America! Presents: Jack Link’s Buffalo Style Chicken Big Dippers™

On that fabled evening in 1964, in the tiny Anchor Bar in upstate New York, when Teressa Bellissimo first plunged fried chicken wings into a spicy hot sauce, she couldn’t have known the massive culinary impact her dish would create. As a chill crept through a crack in the window of her cramped kitchen, she couldn’t possibly have guessed that nearly fifty years later, highly scientific studies would reveal that nearly half of all food consumed in the United States would be “Buffalo Chicken” flavored. Had she known, had she been able to collect her thoughts over the din being created in the dining room by her son Dominic and his hard-drinking friends, would she have done anything differently? Would she have patented her new flavor combination immediately, guaranteeing a life of luxury for the Bellissimo clan for generations to come? Or, sensing the total degradation of the nation’s food supply that was to come, would she have “accidentally” dropped her tray of chicken wings on the floor, saving us all from ourselves? Or by then, was it already too late to put the genie back in the bottle?

Fast forward to 2013, where the aisles of the supermarket and menus of convenience eateries nationwide have gone certifiably Buffalo-crazy. Buffalo wing flavored Pringles. Buffalo chicken rice pilaf. Buffalo chicken Chunky soup. Buffalo chicken pizza, for goodness’ sake. Hot Buffalo chicken dip, made by combining canned chicken with canned condensed soup. And now, finally, this awkward mouthful: “Jack Link’s Buffalo-Style Chicken Big Dippers™ Buffalo Style Chicken Strips with Buffalo and Ranch Sauce.”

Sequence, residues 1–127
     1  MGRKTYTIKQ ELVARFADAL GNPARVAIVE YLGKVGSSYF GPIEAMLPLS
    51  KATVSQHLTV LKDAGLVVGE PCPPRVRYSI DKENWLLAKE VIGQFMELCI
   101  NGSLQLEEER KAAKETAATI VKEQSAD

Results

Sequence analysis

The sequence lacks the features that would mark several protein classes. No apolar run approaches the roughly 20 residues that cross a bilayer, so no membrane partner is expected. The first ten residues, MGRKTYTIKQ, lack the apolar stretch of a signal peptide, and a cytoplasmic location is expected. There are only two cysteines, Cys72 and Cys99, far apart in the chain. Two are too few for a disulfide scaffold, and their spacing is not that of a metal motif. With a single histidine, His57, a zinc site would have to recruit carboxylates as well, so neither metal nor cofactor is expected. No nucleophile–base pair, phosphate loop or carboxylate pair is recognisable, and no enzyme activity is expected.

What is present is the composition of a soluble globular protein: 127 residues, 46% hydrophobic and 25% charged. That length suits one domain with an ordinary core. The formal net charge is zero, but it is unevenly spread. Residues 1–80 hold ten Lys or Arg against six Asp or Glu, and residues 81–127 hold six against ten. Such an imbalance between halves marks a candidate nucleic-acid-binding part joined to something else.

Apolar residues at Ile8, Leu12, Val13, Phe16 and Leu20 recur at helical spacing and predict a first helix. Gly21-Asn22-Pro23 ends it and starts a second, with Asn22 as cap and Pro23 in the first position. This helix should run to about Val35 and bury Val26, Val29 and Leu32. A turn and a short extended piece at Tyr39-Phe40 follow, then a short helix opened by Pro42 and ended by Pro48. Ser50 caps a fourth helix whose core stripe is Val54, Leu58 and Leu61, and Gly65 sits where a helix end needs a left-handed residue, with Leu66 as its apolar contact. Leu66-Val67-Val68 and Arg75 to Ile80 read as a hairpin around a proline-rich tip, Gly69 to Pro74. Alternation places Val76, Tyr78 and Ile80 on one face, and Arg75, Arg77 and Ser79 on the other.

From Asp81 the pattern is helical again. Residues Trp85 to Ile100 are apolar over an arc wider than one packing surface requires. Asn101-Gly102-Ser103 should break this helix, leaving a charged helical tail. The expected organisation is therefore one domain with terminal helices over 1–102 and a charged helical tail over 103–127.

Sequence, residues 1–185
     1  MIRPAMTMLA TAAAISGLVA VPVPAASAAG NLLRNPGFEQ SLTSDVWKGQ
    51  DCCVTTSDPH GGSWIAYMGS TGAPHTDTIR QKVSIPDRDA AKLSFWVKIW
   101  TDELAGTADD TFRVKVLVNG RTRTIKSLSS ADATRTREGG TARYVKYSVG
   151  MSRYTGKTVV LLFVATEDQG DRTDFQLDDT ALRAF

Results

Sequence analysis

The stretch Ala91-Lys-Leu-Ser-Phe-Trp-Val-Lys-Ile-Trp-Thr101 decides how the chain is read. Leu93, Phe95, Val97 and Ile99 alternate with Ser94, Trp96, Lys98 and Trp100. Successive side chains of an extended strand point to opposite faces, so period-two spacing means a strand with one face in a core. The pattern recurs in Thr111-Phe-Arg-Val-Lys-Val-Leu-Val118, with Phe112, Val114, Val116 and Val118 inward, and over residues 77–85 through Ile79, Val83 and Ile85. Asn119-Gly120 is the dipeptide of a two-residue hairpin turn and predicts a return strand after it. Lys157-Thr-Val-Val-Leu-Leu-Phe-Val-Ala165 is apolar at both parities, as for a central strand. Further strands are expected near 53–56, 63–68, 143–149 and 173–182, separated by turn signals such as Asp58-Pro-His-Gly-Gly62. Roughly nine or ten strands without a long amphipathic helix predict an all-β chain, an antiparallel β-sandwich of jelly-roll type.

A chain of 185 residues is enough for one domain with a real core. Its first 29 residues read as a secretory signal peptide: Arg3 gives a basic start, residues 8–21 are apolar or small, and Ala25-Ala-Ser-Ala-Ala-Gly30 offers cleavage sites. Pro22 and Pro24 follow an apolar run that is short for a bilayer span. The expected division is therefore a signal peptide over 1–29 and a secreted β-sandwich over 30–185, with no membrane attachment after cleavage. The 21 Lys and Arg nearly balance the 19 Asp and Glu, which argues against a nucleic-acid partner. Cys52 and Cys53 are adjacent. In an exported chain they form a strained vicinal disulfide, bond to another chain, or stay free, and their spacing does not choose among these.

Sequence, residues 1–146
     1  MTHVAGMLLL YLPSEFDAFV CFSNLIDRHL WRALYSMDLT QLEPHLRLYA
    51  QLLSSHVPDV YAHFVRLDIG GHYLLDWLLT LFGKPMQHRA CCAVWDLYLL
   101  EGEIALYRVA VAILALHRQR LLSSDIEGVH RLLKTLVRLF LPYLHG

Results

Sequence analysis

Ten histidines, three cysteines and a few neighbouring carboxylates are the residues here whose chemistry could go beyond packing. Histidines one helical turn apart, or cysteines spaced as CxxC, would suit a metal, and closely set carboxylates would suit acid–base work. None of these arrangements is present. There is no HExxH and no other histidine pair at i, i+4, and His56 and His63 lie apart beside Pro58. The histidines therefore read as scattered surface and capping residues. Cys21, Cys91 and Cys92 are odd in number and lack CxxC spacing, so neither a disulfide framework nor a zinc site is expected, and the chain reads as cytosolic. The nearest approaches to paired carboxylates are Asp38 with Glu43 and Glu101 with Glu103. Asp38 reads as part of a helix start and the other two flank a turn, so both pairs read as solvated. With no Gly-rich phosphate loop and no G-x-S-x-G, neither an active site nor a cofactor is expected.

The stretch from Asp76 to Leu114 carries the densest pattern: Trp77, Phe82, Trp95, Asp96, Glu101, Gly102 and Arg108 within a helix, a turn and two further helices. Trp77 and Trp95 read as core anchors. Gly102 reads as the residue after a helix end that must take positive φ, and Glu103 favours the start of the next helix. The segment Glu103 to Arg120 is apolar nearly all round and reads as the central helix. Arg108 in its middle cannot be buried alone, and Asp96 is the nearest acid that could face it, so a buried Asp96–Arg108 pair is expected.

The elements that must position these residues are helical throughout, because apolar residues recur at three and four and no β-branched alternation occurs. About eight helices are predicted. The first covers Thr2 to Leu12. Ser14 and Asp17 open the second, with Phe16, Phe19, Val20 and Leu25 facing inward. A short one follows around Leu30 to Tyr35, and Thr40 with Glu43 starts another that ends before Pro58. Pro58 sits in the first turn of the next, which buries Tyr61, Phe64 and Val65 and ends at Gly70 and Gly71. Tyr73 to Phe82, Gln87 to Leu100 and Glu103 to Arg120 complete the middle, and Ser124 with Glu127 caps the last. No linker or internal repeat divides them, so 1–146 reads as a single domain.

I was surprised at my immediately adverse reaction to this product, which I first spotted while contemplating suicide while standing in line at the Rockland Wal-Mart, awash in the smell of sweat-soaked flannel infused with decades of stale cigarette smoke, mingling with the toasted garlic bagels from the store’s built-in Dunkin’ Donuts. I’ve long been a huge fan of Jack Link’s products, even once writing them a handwritten letter to express my delight with their Cholula-flavored beef jerky. But that particular product seemed almost quaintly underprocessed when compared to the explosion of random packaging, flavoring, and ingredients presented before me in the form of these Buffalo Style Chicken Big Dippers™.

Jack Link's Buffalo Style Chicken Big Dippers

The very notion of “chicken jerky” already bears very little appeal, for me. No one has ever intentionally roasted a chicken at home for hours too long, only to pull the dry, chewy carcass out of the oven to pick at and savor for days on end. Dehydrated chicken just isn’t something you find yourself craving. No doubt sensing that their product may lack a certain visual appeal, the packaging keeps the actual chicken portion of the product a bit of a mystery, choosing to much more highly emphasize the “dipping” aspects of the meal.

Peeling the top layer of plastic off of the TV dinner-style segments tray revealed why. Six sad, shriveled chicken sticks sit at the bottom of the package, glazed in a very faint moisture that coats your fingers and gives off the distinct smell of sausage casing and artificial butter flavoring. Inside, two more tiny containers, each with their own lids to tear off and discard, contained a few tablespoons each of both ranch dressing and Buffalo wing sauce.

Jack Link's Buffalo Style Chicken Big Dippers
Enlarged to show texture. And my apologies.